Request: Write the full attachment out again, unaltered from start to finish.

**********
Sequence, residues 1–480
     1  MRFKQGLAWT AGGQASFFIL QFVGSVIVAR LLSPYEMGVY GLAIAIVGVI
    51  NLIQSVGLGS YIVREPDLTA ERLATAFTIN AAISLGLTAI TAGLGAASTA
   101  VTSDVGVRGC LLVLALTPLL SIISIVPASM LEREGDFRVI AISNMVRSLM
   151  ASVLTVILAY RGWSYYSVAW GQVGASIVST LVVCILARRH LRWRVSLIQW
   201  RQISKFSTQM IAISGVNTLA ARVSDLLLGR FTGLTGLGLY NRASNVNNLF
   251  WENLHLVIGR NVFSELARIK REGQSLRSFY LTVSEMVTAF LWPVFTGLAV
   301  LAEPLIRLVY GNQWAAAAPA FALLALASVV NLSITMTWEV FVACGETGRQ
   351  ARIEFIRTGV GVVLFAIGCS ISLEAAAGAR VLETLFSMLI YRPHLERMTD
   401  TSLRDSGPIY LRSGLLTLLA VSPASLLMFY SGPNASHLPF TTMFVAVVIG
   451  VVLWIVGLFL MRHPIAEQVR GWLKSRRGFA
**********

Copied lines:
Sequence, residues 1–480
     1  MRFKQGLAWT AGGQASFFIL QFVGSVIVAR LLSPYEMGVY GLAIAIVGVI
    51  NLIQSVGLGS YIVREPDLTA ERLATAFTIN AAISLGLTAI TAGLGAASTA
   101  VTSDVGVRGC LLVLALTPLL SIISIVPASM LEREGDFRVI AISNMVRSLM
   151  ASVLTVILAY RGWSYYSVAW GQVGASIVST LVVCILARRH LRWRVSLIQW
   201  RQISKFSTQM IAISGVNTLA ARVSDLLLGR FTGLTGLGLY NRASNVNNLF
   251  WENLHLVIGR NVFSELARIK REGQSLRSFY LTVSEMVTAF LWPVFTGLAV
   301  LAEPLIRLVY GNQWAAAAPA FALLALASVV NLSITMTWEV FVACGETGRQ
   351  ARIEFIRTGV GVVLFAIGCS ISLEAAAGAR VLETLFSMLI YRPHLERMTD
   401  TSLRDSGPIY LRSGLLTLLA VSPASLLMFY SGPNASHLPF TTMFVAVVIG
   451  VVLWIVGLFL MRHPIAEQVR GWLKSRRGFA